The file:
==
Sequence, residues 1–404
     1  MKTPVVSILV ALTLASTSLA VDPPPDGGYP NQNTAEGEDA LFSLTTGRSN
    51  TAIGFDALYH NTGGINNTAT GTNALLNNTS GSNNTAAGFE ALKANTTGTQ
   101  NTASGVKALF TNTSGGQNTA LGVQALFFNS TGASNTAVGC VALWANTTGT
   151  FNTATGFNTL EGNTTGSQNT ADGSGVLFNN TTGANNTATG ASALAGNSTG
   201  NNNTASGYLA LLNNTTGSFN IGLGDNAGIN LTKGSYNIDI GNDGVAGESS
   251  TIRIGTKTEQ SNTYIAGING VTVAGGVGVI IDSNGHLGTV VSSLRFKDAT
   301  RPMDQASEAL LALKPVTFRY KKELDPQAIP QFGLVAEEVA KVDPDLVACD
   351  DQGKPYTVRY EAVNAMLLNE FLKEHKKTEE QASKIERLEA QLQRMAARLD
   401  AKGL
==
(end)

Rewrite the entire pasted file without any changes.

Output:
Sequence, residues 1–404
     1  MKTPVVSILV ALTLASTSLA VDPPPDGGYP NQNTAEGEDA LFSLTTGRSN
    51  TAIGFDALYH NTGGINNTAT GTNALLNNTS GSNNTAAGFE ALKANTTGTQ
   101  NTASGVKALF TNTSGGQNTA LGVQALFFNS TGASNTAVGC VALWANTTGT
   151  FNTATGFNTL EGNTTGSQNT ADGSGVLFNN TTGANNTATG ASALAGNSTG
   201  NNNTASGYLA LLNNTTGSFN IGLGDNAGIN LTKGSYNIDI GNDGVAGESS
   251  TIRIGTKTEQ SNTYIAGING VTVAGGVGVI IDSNGHLGTV VSSLRFKDAT
   301  RPMDQASEAL LALKPVTFRY KKELDPQAIP QFGLVAEEVA KVDPDLVACD
   351  DQGKPYTVRY EAVNAMLLNE FLKEHKKTEE QASKIERLEA QLQRMAARLD
   401  AKGL